Argonne makes great strides in reducing legacy nuclear wasteBy Jo Napolitano • August 10, 2010
The Department of Energy's (DOE) Argonne National Laboratory took a significant step in reducing its legacy waste earlier this week by ridding itself of a 22,000-pound device once associated with a historic reactor.
The device—called a shield plug—was used to seal and shield the Chicago Pile-5 reactor. CP-5 allowed for great strides in nuclear physics and materials research; it attracted scientists from across the world and served as a model for research reactors here and abroad. It was largely dismantled more than a decade ago after 25 years of use.
The shield plug has been in storage for more than 12 years; the laboratory was unable to remove it until its radiation levels fell below a certain threshold.
"This is an important step in removing legacy waste from our campus," said Argonne Director Eric Isaacs. "It helps free up resources for science and engineering aimed at solving big national problems like developing green energy technologies."
The shield plug was approximately 90 cubic feet in size and consisted of a half-inch thick stainless steel shell lined with three and a half inches of poured lead; it was filled with high-density concrete.
Scientists once put samples inside the plug so that they would be irradiated.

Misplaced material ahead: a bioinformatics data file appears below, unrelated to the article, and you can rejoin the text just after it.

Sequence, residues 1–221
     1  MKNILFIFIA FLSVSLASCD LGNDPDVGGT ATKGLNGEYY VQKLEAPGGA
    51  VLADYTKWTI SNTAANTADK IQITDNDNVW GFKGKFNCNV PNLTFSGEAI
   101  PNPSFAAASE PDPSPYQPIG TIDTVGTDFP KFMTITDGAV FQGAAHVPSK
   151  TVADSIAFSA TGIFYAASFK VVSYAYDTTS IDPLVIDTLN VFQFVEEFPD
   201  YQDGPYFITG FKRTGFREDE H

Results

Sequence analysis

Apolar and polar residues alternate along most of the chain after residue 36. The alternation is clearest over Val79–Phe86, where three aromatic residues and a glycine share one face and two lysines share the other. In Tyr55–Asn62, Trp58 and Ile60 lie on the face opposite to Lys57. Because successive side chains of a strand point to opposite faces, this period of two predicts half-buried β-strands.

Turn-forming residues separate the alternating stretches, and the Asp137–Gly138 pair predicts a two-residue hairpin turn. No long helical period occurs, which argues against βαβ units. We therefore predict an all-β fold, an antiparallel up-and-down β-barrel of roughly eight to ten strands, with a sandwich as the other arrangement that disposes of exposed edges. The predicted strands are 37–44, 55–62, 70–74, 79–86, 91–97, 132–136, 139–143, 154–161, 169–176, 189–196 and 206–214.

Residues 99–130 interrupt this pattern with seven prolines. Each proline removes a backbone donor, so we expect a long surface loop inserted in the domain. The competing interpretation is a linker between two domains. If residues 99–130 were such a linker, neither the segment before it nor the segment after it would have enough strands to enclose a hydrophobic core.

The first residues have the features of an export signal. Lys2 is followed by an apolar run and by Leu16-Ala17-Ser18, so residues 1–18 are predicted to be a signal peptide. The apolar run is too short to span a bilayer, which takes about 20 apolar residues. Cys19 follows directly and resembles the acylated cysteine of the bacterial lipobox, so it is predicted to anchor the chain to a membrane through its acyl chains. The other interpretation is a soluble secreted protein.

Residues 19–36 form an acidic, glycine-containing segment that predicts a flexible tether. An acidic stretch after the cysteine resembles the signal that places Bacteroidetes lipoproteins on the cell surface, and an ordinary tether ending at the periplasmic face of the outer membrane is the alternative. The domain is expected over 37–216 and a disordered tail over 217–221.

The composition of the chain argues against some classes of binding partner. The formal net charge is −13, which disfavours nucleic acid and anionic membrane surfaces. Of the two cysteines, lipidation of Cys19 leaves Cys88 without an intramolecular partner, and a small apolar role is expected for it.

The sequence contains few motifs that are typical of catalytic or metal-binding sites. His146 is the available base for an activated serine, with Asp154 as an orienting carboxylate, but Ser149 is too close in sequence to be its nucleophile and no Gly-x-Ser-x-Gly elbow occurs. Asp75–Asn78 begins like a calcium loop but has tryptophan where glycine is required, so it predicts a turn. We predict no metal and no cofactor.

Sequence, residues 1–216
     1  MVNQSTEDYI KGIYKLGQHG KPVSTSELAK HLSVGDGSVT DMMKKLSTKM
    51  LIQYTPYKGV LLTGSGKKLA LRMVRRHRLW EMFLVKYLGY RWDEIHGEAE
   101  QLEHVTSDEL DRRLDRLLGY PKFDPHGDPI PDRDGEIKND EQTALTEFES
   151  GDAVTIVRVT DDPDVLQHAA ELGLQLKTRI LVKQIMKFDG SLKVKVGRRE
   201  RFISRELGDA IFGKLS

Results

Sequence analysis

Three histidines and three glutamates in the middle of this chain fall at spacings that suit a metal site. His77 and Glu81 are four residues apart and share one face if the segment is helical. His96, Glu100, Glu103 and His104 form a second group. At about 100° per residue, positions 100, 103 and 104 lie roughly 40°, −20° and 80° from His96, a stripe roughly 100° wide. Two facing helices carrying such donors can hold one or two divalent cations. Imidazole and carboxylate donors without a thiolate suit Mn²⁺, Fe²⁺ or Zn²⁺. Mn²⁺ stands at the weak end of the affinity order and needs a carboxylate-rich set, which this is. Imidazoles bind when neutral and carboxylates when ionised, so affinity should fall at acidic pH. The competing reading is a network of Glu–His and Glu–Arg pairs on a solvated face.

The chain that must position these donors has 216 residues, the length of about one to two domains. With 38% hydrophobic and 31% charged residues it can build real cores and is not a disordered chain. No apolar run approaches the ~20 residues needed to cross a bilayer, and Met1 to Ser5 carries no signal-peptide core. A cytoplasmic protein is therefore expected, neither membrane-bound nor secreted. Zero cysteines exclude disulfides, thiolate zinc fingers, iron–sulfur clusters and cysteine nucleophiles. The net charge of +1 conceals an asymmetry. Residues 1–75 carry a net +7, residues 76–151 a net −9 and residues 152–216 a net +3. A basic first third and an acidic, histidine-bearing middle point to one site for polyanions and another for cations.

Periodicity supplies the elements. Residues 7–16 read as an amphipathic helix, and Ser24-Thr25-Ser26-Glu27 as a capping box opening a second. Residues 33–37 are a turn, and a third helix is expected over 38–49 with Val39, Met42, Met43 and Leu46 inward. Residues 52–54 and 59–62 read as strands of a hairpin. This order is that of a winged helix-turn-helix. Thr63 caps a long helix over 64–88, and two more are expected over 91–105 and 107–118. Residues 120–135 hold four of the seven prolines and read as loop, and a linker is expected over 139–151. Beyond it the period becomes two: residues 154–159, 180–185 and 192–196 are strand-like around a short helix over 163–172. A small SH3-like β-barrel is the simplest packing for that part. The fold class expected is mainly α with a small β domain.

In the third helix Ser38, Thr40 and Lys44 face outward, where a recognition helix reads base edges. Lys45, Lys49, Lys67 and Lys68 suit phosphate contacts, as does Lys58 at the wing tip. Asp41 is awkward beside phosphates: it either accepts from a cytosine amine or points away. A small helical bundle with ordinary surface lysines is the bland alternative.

The device was shipped off-site earlier this month with the help of the Utah-based treatment and disposal company EnergySolutions.
Several Argonne divisions and groups—including Waste Management Operations, Central Shops, Facilities Management & Services—and Energy Solutions worked together to complete this project, which cost approximately $200,000. The money came from omnibus funding set aside for the treatment and disposal of legacy waste.
The plug was shipped on a heavy duty trailer inside a special box with a 7-inch thick steel bottom. The top was welded shut and placed inside an Industrial Package Type 2 container—which was designed specifically for this item—with an inch of steel all the way around.
"The waste managers who pulled this out in 1997 had a lot of forethought in terms of what they would need to do to safely store this item," said project manager Chris Brandjes.
He said they placed the plug in a Type A Cask and then placed the cask on a two-inch thick steel plate, which provided a significant amount of shielding.
"So you have this robust Type A Cask with four inches of steel all around, plus the two-inch thick steel plate it was sitting on," Brandjes said. "It was a very safe way to store the plug until it could be moved off site."
Brandjes said there was no removable contamination associated with the plug. Once it was placed inside the Type A Cask, there was only negligible radiation outside the cask.
The plug and its container were taken to EnergySolution's treatment and disposal facility in Clive, Utah, where the plug will be encased in concrete and then buried.